Miscellany

The January 1983 issue of QEX carried an article by Ivo Chladek, ZS6AXT, on the "Microwave Alignment Probe." A number of individuals questioned the list of references given in that article. One letter summing up the situation follows:

The January 1983 issue of QEX contained a very neatly packaged "Microwave Alignment Probe" by ZS6AXT. In that note, the author referenced an article and comments contained in several issues of RSGB Radio Communication. These references ostensibly contain the heart of the recommended procedures for alignment and noise figure measurement of vhf/uhf receivers. In the U.S., and certainly in central Florida, the reference is rather obscure. It would be appreciated if QEX would reproduce the heart of the methods expounded in RAD COM. - Dick Jansson, WD4FAB, 1130 Willowbrook Trail, Maitland, FL 32751.

As you can guess, we are running the reprints from RAD COM in this issue. They can be found starting on page 5.

Antenna Compendium

The League will publish a special Antenna Compendium in May 1984. Potential contributors of unpublished papers on any aspect of Amateur Radio antennas are invited to send a one-page, double-spaced abstract describing the paper to Paul Rinaldo, W4RI, at Hq. Authors will be notified of acceptance and provided preparation guidance. Deadlines are December 2, 1983 for abstracts, March 15, 1984 for manuscripts.

Amateur Radio Satellite Symposium '83

AMSAT will hold an Amateur Radio satellite symposium in conjunction with its annual meeting on Saturday, November 12, 1983. Located at the John Hopkins University Applied Physics Laboratory just off 1-95, the planned programs include: How to get on the new OSCAR 10 satellite, tracking OSCAR 10 with and without a computer, a report on the W5LFL Space Shuttle operation, PACSAT and much more!

Admission is free, but advance reservations are required. For further information and reservations, contact AMSAT, P. 0. Box 27, Washington, D.C. 20044, or call (301) 589-6062.

Low-Cost Solution

The July 14, 1983 issue of Electronics magazine has an article on "Ceramic-Filled Resonators" as a low-cost solution to building filters for 800-MHz land-mobile applications. It uses six 10mm varisonators for a receiving filter, four for a transmitting filter. The two filters can be com

bined to make a duplexer. The author, Tomoki Uwano, of Matsushita, Osaka, Japan, says that the filters could be supplied in the $1 to $2 range, with duplexers under $20, in mass production.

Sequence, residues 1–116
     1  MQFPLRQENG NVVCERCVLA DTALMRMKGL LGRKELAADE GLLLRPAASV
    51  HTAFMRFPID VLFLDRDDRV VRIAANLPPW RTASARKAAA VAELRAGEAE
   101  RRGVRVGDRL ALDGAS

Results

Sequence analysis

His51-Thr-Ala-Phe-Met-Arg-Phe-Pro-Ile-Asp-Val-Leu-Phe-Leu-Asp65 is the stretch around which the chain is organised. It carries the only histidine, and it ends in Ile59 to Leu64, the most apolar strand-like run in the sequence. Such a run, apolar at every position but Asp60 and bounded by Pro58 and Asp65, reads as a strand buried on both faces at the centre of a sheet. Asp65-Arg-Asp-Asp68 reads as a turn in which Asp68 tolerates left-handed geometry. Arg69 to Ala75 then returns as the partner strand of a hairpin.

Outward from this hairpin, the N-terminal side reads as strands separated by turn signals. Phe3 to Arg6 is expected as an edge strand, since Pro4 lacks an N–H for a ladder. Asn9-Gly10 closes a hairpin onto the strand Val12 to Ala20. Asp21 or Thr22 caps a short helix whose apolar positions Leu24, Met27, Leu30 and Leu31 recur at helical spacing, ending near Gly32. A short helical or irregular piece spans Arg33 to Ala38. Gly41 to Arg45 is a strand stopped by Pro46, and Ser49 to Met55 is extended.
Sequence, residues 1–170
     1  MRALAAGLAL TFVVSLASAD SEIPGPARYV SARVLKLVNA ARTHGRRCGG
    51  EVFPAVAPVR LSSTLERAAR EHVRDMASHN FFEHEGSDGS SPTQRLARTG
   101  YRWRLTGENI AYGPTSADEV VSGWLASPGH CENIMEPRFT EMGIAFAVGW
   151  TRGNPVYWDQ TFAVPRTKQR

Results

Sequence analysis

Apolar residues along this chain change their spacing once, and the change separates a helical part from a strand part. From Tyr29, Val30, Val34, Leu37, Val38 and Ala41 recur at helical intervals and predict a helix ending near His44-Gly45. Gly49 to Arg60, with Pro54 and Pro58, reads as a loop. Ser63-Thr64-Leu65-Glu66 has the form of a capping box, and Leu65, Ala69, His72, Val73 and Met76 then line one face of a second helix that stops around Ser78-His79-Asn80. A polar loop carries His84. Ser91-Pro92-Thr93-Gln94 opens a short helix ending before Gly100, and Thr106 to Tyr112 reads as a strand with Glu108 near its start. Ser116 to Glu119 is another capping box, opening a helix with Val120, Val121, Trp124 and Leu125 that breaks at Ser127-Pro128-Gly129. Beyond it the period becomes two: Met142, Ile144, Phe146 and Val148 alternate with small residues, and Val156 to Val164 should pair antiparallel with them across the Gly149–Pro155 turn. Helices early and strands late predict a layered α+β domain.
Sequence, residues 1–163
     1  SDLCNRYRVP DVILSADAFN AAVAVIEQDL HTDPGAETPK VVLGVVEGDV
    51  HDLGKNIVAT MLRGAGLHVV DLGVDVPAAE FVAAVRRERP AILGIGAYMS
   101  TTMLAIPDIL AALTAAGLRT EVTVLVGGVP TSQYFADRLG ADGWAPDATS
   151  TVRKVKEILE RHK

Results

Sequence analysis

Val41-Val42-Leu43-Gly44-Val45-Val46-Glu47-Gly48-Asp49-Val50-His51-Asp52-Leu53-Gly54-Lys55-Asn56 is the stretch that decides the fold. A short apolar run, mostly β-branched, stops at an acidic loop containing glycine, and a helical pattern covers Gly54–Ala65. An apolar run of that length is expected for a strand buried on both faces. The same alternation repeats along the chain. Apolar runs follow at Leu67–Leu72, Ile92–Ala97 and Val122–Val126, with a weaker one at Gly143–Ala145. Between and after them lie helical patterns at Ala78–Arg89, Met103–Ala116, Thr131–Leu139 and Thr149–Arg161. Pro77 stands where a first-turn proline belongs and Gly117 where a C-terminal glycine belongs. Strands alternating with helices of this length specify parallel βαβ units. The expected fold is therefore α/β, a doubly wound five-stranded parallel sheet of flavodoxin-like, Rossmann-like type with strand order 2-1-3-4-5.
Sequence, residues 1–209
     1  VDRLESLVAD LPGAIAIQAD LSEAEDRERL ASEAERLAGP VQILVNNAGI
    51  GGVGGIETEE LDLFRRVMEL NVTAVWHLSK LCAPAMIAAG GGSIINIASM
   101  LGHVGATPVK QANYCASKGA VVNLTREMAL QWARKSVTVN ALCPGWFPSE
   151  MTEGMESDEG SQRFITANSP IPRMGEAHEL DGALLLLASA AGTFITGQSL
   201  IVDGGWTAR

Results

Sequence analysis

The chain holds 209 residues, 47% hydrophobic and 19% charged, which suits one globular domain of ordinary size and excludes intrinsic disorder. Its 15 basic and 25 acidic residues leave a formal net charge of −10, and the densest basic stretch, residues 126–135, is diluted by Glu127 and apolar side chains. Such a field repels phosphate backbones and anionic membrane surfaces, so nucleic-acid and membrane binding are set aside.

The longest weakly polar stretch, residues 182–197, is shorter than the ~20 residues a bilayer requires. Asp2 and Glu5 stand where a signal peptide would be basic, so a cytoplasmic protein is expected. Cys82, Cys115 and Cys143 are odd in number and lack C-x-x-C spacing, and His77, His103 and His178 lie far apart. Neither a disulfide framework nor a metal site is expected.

APPLE Computer Program Transmits/Receives Teletype

A recent news release crossed QEX desks from Cotec. The company announced the latest in its line of APPLE II software for communications. The following is direct text from their release.

RTTY MACHINE, like its Morse Code predecessor, is designed to minimize the interface hardware. Audio tones fed into the APPLE cassette input are demodulated and decoded in software, and sent to the screen as text. Keyboard input is encoded to Baudot and sent to the cassette output as MARK (2125 Hz) and SPACE (2295 Hz) tones. A pair of audio cables with the necessary connectors between the speaker output and microphone input of an ssb or fm transceiver and the cassette ports of the APPLE is all that is necessary to run standard TTY.

The receive portion of the program has two modes of operation. For afsk, which is typical of vhf/uhf operation, the program is operated in the absolute mode: 2125/2295 MARK/SPACE. For use with an hf transceiver, a second mode can be used to match the software discriminator frequency to the center of the receiver audio passband so that increased selectivity may be used. A novel real time tuning indicator at the top of the screen assists the operator in making tuning adjustments.

The transmitting portion also has two modes of operation. In the first mode, each character is sent as a key is pressed. This is similar to the way the standard mechanical TTY machines operate. The second mode allows the sender to prepare and edit a message before sending it. A number of automatic formatting features are built in for operator convenience.

In addition to the cassette port interface, dc output through the Game 1/0 connector is available to drive frequency shift keying circuitry and transmit/receive switching. Two printer drivers are also included in the software which converts the received signal to ASCII for generating hard copy.

Written in machine language for the APPLE II, APPLE 11+, or APPLE //e using DOS 3.3, RTTY MACHINE comes double sided on a 5.25 inch diskette with full instructions for installation and use. RTTY MACHINE is available for $29.95 including postage and handling. No C.O.D. orders, foreign orders add $4.00 and California residents add sales tax. The manufacturer's address is: COTEC, 13462 Hammons Ave., Saratoga, CA 95070.

QEX October 1983

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